Liked by 1 person

  2. This is a thorough and fantastic review on a poignant and essential book for the times. I will say that even written for teenagers, unfortunately, there are many adults that haven’t learned from history and don’t realize just how on the brink America is from this future (and not just for Islams) 😔

    Liked by 1 person

    1. yes! i think a lot of people don’t realize the sheer expanse of racism today, and find it unrealistic when many POC can see exactly how real it is. and thank you!

      Liked by 1 person

  3. I’m really nervous about reading this because as a Muslim when I read Love Hate and Other Filters, I actually found it to be a pretty misleading and terrible representation of the “religious struggles.” But I’m trying to keep an open mind about this one!

    Liked by 1 person

    1. Aww, oh no! Do you have a review I can read more about it? I’m sorry, that’s really disappointing. I’ll try to let you know if Internment falls in line with that or not, based on what felt off to you in LH&OF

      Liked by 1 person

      1. Everything you said makes sense! Okay, putting Internment in context, I think Layla *is* proud of her heritage in it, so you don’t have to worry about that, but she also doesn’t spend a lot of time in the novel talking about her religion. It’s more about being discriminated on the cause OF religion, but it’s not super focused on Layla and her religion. I have a feeling you probably won’t like it a lot, but maybe a little more than you did with LH&OF. Oof. I’ll probably recommend her books a little less (also I loved Saints and Misfits???? YESSSS)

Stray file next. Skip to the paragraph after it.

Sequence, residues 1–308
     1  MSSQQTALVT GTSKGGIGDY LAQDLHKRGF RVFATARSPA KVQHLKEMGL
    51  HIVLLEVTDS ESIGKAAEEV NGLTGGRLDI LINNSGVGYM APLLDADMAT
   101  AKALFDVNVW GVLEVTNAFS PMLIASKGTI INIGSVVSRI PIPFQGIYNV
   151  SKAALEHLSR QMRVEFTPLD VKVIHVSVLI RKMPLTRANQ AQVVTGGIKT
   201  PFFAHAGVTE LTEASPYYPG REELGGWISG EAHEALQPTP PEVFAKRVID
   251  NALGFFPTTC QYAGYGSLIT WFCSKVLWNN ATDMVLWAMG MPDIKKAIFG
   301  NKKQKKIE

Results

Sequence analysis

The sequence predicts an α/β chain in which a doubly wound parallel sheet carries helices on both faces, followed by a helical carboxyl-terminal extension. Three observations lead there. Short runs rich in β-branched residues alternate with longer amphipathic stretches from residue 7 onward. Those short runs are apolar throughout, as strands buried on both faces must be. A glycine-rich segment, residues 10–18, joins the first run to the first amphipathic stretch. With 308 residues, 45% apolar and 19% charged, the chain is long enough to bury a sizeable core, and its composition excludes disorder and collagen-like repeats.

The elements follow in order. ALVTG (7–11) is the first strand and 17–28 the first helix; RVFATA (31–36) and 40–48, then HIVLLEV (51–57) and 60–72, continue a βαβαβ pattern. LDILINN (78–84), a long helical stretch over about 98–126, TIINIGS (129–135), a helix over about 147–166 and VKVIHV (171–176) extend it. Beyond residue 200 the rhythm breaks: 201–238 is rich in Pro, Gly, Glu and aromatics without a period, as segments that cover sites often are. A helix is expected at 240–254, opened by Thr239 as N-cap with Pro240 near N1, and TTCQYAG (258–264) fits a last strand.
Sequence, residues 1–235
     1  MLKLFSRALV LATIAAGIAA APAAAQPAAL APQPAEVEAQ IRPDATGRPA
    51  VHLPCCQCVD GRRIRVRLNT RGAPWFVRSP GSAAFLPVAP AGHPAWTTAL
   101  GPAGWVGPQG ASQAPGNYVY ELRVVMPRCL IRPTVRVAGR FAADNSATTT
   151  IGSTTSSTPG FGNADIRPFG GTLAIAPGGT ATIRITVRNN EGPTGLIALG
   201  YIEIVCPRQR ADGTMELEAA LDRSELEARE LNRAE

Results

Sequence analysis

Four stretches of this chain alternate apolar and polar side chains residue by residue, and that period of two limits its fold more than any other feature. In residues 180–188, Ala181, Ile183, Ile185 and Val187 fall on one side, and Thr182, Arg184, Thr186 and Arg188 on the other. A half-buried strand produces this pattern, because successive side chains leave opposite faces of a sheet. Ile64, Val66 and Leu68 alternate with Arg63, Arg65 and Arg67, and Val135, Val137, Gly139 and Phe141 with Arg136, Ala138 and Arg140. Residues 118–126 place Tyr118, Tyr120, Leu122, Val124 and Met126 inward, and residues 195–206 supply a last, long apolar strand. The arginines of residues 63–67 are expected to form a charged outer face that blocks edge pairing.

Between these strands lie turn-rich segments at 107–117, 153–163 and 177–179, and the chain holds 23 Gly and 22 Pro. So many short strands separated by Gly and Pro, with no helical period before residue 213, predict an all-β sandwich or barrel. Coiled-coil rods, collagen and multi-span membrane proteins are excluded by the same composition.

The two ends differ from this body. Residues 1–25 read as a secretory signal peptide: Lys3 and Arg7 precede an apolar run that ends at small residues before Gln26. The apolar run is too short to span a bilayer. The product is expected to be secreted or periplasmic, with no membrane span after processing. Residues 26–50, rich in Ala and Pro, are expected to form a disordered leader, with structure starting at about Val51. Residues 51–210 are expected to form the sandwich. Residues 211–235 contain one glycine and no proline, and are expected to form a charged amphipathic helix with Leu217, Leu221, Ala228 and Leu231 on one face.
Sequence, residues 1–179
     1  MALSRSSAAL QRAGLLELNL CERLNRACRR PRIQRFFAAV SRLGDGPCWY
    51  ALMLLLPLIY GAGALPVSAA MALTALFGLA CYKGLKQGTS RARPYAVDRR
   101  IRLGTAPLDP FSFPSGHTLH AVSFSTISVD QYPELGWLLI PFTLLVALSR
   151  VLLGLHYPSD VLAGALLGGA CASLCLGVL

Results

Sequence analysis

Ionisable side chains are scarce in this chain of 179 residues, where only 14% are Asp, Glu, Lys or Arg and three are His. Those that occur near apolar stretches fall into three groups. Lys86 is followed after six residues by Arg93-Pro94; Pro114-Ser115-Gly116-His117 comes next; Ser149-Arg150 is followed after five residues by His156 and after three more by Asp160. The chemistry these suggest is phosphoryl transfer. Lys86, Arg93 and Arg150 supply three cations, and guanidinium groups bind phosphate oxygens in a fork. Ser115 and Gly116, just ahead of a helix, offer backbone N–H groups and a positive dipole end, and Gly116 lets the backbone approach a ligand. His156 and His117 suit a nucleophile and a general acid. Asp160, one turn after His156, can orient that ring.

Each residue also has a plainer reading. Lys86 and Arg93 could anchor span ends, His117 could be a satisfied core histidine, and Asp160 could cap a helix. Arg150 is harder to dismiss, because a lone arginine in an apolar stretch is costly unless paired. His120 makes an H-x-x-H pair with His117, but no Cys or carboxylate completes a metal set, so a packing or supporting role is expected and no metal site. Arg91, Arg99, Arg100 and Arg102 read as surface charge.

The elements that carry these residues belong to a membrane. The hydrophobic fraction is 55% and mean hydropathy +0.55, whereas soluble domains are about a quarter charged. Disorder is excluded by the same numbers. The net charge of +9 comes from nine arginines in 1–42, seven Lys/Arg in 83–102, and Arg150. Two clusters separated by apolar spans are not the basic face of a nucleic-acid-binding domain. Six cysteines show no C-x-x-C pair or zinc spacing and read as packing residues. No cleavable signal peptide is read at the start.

Liked by 1 person

      2. Aw man😥 Thanks so much for the heads up though I really appreciate that! I might read it later but with a more cautious mind!
        And yesss I’m super excited about Love From A to Z!

        Liked by 1 person

    1. Definitely! In certain moods I don’t think I would have been able to handle this, but in the right one, it packs such a sucker punch. I hope you find the perfect mood & end up loving it!

      Liked by 1 person